Beyond the midterm pressures of creating a scalable business and incorporating technologies like IoT and facial recognition, there is a question remaining about where the identity documentation will be in 10 years from now. Will we still be using physical documentation like passports and driver’s licenses? Or how will digital identity documentation take shape? And what types of opportunities will exist for firms that focus on verification technology? (786 words)
 Iyer, V. (2018). The next $20 billion digital market – ID verification as a service. [online] Fuelbymckinsey.com. Available at: https://fuelbymckinsey.com/article/the-next-20-billion-digital-market-id-verification-as-a-service.
 Javelinstrategy.com. (2018). 2018 Identity Fraud: Fraud Enters a New Era of Complexity. [online] Available at: https://www.javelinstrategy.com/coverage-area/2018-identity-fraud-fraud-enters-new-era-complexity.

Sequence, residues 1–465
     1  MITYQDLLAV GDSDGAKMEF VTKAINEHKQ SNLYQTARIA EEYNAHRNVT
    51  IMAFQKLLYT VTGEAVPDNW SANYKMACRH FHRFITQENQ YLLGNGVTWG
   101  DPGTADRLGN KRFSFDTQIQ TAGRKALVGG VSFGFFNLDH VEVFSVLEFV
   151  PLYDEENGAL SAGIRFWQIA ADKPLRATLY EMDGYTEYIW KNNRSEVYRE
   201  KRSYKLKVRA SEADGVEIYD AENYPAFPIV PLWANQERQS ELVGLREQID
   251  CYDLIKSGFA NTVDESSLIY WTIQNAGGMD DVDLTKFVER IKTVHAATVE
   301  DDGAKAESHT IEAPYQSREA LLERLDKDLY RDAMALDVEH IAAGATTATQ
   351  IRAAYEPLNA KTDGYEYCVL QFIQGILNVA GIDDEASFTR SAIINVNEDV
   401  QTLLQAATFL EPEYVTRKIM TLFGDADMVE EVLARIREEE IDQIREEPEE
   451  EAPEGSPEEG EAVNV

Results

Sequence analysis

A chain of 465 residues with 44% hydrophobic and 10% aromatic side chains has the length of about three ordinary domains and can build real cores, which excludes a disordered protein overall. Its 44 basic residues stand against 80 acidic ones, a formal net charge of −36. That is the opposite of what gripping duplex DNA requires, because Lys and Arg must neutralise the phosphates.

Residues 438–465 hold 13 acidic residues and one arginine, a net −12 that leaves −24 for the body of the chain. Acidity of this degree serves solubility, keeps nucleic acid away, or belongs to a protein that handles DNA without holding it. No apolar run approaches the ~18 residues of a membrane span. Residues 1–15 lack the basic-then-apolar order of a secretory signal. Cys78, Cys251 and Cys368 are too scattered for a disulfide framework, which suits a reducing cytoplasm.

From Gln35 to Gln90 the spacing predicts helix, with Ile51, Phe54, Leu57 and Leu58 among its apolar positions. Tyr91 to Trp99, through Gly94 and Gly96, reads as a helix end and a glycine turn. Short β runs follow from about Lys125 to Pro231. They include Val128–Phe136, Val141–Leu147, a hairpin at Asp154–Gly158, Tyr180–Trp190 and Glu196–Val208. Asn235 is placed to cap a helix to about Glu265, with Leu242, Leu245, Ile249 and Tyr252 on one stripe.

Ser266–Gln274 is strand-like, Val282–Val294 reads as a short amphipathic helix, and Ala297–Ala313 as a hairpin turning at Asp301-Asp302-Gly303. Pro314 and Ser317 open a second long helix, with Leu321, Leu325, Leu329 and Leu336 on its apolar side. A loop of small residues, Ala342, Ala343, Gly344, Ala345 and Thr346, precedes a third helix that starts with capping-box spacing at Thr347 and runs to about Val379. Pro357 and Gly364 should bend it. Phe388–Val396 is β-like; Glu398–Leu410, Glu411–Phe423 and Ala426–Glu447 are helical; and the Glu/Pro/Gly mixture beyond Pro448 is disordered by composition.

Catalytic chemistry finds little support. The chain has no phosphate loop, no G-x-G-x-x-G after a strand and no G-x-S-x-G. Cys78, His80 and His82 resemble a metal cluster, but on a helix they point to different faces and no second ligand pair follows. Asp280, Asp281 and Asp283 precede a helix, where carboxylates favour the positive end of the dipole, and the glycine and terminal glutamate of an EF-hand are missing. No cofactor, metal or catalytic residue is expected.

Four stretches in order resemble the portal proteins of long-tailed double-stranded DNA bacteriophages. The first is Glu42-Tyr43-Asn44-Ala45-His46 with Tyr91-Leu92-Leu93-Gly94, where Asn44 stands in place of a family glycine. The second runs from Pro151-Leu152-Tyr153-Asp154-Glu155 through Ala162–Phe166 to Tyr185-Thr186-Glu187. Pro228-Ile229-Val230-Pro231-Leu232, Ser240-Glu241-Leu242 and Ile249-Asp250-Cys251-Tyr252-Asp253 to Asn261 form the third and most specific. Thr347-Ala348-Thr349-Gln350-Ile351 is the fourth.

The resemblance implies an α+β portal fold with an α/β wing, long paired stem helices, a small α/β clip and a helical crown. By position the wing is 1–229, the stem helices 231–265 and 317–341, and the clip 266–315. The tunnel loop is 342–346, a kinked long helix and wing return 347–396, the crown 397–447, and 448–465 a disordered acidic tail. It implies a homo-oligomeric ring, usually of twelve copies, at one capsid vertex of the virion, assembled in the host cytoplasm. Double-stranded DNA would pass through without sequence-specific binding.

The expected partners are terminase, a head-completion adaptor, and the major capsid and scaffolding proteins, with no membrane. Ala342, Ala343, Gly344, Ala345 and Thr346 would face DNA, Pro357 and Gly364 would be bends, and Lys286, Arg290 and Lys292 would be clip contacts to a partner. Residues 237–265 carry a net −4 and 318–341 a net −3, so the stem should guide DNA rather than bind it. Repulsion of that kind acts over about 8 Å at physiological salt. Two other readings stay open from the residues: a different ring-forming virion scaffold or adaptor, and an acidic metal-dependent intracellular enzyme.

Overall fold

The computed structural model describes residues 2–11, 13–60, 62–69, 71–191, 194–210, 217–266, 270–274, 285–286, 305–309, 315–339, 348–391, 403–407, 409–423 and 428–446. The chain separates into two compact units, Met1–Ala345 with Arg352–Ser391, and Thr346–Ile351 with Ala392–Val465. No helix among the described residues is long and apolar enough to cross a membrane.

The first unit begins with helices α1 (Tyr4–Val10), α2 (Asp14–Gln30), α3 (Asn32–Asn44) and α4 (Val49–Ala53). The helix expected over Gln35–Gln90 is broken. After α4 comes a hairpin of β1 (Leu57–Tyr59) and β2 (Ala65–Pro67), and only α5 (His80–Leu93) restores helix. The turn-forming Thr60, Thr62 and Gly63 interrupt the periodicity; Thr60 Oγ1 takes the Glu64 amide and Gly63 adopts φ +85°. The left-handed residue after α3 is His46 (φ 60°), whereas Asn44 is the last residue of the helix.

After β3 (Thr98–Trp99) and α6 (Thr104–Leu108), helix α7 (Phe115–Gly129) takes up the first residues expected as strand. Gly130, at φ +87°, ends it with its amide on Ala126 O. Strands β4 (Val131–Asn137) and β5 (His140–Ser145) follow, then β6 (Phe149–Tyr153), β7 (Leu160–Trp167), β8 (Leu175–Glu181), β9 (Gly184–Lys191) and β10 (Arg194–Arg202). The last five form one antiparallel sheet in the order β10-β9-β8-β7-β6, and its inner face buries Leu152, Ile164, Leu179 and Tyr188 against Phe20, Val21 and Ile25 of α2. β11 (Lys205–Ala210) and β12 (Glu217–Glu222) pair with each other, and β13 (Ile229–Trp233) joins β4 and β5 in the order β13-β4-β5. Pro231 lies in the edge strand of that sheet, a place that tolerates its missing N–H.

Consumer Sentinel Network, Federal Trade Commission (2017). Consumer Sentinel Network Data Book 2017. [online] Available at: https://www.ftc.gov/policy/reports/policy-reports/commission-staff-reports/consumer-sentinel-network-data-book-2017/main.
 Patel, L. (2018). Machine Learning, Deep Learning & the Wisdom of the Crowd. [online] Jumio. Available at: https://www.jumio.com/deep-learning-online-identity-verification/.
 Valdivia, J. (2018). 7 Identity Trends That Will Dominate 2018. [online] Jumio. Available at: https://www.jumio.com/identity-trends-2018/.
 Levin, S. (2018). US government to use facial recognition technology at Mexico border crossing. The Guardian. [online] Available at: https://www.theguardian.com/technology/2018/jun/05/facial-recognition-us-mexico-border-crossing.
Cover image source
Jumio’s Netverify Demonstration Graphic. (2018). [image] Available at: https://www.jumio.com/trusted-identity/netverify/identity-verification/.